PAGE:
The Australian Criminal Intelligence Commission (ACIC) today released the tenth report of the National Wastewater Drug Monitoring Program, covering sampling in October and December 2019 and February 2020.
The report includes updated SCORE data, which provides comparable international consumption data for a number of drugs monitored by the program. When compared to 30 other countries, Australia ranks fourth highest for total estimated stimulant consumption (specifically methylamphetamine, amphetamine, cocaine and MDMA) and third highest for consumption of both methylamphetamine and MDMA.
The ACIC received an additional $4.8 million over four years in the 2019 Budget to fund the program, building its longitudinal data and delivering an additional twelve public reports.
Report 10 covers 43 per cent of the population, which equates to about 10 million people. Fifty-three wastewater treatment plants across Australia participated in the December 2019 collection, which monitored the consumption of 13 substances.
Nicotine and alcohol remain the highest consumed drugs measured by the program for which dose data is available, with methylamphetamine remaining the highest consumed illicit drug.
There were reported increases in the population-weighted average consumption of nicotine, methylamphetamine, cocaine, MDMA and fentanyl in both capital city and regional sites from August to December 2019. The population-weighted average consumption of cannabis in capital city sites and alcohol in regional sites also increased over the same period.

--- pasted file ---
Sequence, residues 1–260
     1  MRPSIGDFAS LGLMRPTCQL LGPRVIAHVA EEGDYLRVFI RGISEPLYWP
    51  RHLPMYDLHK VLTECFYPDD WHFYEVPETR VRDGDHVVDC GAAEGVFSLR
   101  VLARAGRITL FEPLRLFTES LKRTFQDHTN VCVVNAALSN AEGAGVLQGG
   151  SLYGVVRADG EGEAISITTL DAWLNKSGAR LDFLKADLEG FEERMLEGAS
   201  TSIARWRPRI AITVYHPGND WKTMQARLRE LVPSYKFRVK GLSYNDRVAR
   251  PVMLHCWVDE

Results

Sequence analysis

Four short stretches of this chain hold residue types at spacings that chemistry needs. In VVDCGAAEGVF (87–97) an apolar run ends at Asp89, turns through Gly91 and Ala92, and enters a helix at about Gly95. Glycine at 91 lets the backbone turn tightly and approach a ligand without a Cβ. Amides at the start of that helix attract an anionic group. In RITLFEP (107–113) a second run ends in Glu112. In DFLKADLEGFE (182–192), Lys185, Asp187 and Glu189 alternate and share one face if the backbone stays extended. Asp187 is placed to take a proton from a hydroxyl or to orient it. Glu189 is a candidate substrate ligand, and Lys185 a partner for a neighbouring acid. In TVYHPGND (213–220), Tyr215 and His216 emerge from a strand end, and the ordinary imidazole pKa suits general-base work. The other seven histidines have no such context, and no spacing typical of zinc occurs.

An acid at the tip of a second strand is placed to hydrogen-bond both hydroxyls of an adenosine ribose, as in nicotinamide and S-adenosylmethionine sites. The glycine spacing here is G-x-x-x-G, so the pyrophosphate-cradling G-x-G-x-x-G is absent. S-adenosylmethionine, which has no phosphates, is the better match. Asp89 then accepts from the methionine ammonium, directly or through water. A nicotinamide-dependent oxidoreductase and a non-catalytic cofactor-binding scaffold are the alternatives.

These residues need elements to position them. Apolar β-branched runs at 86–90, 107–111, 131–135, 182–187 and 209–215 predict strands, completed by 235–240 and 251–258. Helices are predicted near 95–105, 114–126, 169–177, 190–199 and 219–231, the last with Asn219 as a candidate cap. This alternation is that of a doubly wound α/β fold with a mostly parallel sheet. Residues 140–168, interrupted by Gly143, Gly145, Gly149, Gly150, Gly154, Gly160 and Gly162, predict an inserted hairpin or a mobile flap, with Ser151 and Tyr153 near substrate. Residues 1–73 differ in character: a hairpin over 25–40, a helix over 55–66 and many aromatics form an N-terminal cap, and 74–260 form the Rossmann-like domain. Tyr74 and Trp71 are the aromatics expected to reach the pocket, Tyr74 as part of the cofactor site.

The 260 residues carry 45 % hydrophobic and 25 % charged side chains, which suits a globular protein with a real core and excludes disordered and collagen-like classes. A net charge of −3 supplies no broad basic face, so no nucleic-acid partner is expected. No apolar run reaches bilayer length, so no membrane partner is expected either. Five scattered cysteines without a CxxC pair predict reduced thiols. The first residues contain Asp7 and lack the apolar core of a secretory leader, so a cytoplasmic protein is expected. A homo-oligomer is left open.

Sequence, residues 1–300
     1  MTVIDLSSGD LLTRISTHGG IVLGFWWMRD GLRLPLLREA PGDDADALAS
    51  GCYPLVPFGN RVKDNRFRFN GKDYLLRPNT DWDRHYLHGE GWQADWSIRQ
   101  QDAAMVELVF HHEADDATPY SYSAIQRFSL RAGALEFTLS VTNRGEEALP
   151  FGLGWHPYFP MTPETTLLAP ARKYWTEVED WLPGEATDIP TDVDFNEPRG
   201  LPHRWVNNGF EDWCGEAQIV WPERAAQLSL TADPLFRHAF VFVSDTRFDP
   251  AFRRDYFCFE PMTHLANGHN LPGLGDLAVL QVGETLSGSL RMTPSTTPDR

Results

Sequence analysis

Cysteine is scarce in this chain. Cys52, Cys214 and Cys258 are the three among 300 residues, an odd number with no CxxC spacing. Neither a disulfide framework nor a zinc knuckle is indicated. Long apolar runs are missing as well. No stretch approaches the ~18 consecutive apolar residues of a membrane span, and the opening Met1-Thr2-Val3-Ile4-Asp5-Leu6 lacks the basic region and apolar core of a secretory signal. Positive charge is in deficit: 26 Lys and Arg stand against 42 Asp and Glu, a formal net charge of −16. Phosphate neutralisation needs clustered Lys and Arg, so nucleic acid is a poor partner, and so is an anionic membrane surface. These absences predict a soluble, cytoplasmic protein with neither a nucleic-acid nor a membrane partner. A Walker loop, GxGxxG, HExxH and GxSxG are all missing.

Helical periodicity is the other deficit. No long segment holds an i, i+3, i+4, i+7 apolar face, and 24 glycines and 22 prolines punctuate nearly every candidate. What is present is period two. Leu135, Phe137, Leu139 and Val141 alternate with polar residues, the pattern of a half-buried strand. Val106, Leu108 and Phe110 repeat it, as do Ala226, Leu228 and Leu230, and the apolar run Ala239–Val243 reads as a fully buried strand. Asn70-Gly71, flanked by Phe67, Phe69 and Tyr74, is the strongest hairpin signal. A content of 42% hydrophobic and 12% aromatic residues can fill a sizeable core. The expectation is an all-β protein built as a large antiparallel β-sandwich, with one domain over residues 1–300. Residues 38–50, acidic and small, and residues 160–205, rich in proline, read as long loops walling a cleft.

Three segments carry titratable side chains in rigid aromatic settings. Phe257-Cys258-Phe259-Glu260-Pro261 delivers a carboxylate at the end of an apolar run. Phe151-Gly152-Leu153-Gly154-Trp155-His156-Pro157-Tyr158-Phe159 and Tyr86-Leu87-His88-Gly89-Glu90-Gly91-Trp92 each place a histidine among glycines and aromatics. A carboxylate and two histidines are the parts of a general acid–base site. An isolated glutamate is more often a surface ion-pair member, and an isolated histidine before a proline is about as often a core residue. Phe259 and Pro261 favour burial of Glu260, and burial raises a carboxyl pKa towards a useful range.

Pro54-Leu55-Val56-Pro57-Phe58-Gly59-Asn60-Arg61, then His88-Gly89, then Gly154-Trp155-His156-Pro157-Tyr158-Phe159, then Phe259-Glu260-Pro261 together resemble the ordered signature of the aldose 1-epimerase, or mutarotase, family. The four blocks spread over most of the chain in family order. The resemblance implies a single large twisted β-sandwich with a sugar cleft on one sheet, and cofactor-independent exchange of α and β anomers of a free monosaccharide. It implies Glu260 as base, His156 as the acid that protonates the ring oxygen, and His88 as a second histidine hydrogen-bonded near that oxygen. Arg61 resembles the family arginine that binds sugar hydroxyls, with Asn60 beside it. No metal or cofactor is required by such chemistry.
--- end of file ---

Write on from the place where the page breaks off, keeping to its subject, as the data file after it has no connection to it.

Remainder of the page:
During the period monitored by the report, there were a number of record consumption levels reported, including capital city and regional MDMA and nicotine consumption, capital city methylamphetamine consumption, regional cocaine consumption, and regional alcohol consumption. Regional consumption of heroin decreased to the lowest level recorded by the program.
Australian Criminal Intelligence Commission Chief Executive Officer, Mr Michael Phelan APM said the National Wastewater Drug Monitoring Program gives valuable insight into the trends and emerging issues of drug consumption across Australia, while helping to identify new sources of threat.
“Australians continue to consume illicit drugs at increasing levels and the National Wastewater Drug Monitoring Program is providing an important and consistent measure to guide and monitor drug responses,” Mr Phelan said.
“The program continues to evolve and demonstrate its flexibility.”
The report is available from the Australian Criminal Intelligence Commission website: www.acic.gov.au
Note to editors
In accordance with current wastewater analysis conventions, the terms of the contract, and to protect the integrity of the program, the exact locations are not able to be publicly released by the Australian Criminal Intelligence Commission. To maintain the confidentiality of the participating site, each site was allocated a unique code to de-identify their results, however trends in particular states and territories are still able to be identified.